TPG is a newcomer to Africa while Satya’s interests range from healthcare in Nigeria to manufacturing in Tanzania.
Satya will also make available an extra $300 million to $400 million for investment under the tie-up, Ibrahim told Reuters.
“Actually it is much more than that because we will leverage this money as well,” Ibrahim said in a telephone interview. “We are going to look at everything from $1 million to $200 million or $300 million investments.”
The partnership is a special purpose vehicle called Satya-TPG, and the companies, in a joint statement, said it would focus on businesses in healthcare, information technology, consumer and financial services, among other sectors.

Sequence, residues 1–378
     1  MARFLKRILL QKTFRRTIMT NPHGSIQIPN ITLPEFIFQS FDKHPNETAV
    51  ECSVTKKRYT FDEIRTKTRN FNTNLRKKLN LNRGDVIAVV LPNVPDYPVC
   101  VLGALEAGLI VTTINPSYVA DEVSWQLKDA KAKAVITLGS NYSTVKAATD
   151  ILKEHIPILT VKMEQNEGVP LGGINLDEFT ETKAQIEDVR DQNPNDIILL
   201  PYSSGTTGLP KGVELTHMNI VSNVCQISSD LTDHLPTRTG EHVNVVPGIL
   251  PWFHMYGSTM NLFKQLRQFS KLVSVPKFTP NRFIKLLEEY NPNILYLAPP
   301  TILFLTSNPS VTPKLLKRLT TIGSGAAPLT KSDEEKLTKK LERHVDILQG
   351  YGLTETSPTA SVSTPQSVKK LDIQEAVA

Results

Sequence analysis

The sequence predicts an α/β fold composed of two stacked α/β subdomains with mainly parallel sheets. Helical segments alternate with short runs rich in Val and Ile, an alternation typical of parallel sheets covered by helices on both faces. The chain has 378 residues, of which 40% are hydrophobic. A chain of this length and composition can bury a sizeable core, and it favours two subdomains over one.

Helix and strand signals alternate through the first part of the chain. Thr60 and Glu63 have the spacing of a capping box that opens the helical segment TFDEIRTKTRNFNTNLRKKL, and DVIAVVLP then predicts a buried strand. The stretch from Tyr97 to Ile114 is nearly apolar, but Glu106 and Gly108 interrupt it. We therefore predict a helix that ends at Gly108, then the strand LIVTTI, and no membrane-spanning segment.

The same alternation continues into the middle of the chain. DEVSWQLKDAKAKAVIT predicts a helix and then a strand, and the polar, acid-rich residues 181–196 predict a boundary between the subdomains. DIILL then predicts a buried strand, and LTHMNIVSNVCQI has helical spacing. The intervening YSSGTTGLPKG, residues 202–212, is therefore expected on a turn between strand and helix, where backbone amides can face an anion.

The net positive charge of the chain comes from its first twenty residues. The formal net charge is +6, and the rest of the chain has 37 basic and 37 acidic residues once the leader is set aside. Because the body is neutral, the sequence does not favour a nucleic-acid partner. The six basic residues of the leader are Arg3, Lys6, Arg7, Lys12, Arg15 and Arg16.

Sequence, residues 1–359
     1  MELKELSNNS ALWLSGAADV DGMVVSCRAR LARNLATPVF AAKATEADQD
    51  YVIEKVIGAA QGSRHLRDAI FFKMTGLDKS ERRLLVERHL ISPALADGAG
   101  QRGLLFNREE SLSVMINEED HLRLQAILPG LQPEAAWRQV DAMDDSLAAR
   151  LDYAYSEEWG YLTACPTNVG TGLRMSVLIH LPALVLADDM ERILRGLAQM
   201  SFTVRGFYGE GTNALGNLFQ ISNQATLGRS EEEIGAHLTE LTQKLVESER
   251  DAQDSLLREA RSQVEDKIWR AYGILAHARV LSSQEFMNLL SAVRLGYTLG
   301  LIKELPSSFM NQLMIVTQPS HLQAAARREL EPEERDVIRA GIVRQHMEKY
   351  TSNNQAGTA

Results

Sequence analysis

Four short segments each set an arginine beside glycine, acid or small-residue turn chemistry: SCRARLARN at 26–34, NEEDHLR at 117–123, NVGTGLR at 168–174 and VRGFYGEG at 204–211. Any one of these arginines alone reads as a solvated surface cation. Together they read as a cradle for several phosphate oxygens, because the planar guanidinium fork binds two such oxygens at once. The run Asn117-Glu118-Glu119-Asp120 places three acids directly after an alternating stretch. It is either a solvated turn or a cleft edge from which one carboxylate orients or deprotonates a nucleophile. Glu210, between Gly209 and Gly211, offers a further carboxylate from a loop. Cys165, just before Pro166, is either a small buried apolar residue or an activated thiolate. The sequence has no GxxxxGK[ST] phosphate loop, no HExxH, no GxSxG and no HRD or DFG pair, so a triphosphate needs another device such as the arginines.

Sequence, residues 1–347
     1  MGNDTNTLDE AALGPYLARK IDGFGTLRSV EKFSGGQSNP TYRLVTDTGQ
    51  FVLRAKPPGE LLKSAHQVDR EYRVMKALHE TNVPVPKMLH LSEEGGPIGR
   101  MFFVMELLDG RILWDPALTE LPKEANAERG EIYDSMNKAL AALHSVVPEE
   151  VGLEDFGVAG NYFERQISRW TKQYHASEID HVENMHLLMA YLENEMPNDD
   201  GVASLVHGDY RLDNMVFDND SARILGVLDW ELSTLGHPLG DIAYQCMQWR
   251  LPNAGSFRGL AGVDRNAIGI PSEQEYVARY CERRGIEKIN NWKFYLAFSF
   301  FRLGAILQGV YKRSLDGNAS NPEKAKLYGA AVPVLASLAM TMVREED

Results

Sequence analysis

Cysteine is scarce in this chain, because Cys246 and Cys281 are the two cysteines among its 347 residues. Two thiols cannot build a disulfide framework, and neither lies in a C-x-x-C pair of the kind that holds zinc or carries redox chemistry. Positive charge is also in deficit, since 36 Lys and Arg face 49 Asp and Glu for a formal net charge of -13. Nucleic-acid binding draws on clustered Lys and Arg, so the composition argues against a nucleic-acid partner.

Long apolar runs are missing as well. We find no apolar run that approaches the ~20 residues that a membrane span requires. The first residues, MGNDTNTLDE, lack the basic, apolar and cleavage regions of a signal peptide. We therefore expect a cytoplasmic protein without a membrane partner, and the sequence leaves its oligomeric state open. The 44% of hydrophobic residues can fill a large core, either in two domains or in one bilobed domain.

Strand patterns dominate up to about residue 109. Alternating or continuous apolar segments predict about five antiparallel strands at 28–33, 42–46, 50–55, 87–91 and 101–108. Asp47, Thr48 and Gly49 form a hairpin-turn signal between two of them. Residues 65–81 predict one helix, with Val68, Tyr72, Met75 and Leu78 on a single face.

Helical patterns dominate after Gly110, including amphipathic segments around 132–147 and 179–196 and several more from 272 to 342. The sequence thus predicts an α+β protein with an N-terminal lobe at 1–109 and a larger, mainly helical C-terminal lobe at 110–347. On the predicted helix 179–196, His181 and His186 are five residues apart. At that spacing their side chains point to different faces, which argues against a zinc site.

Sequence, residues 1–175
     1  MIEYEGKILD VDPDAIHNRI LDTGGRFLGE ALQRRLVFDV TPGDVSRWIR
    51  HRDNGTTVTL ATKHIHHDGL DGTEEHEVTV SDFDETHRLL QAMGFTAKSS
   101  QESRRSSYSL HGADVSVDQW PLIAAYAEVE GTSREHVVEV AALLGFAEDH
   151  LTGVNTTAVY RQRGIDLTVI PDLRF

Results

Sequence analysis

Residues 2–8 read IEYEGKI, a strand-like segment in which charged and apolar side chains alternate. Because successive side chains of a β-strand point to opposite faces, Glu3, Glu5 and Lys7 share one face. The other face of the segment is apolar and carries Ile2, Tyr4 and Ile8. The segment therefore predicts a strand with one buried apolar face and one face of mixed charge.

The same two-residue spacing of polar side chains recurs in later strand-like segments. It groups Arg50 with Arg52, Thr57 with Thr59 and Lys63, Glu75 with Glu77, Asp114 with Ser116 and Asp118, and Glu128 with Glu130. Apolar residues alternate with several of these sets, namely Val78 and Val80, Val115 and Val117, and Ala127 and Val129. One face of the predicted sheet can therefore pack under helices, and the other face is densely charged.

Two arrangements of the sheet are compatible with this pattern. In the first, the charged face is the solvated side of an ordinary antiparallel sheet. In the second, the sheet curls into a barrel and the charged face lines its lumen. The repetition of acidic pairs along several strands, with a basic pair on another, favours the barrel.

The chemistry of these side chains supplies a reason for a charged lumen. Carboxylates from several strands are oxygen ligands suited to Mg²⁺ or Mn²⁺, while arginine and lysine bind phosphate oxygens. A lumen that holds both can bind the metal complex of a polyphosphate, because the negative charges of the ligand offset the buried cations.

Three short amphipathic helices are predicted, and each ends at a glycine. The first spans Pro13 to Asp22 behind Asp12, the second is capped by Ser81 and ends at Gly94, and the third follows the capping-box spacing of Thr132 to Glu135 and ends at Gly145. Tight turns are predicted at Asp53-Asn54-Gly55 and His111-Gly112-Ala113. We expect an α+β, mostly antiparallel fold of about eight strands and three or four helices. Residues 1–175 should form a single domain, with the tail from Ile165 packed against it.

“We know the good guys. We know the bad guys. We know which countries have rule of law. We know which countries don’t have rule of law,” Ibrahim said of Satya’s role.
Ibrahim said TPG’s funds would come from its middle market platform, TPG Growth.
William McGlashan, managing partner of TPG Growth, told the Financial Times, which first reported the partnership, that Africa is the last major market in which his company has not yet invested.
Ibrahim said the idea for a partnership came up when Satya and TPG executives spent a weekend at the house of U2 frontman, Bono, a mutual friend, who has long had an interest in Africa.
(Reporting by Duncan Miriri for Reuters; Additional reporting by Freya Berry in London and Aastha Agnihotri in Bengaluru)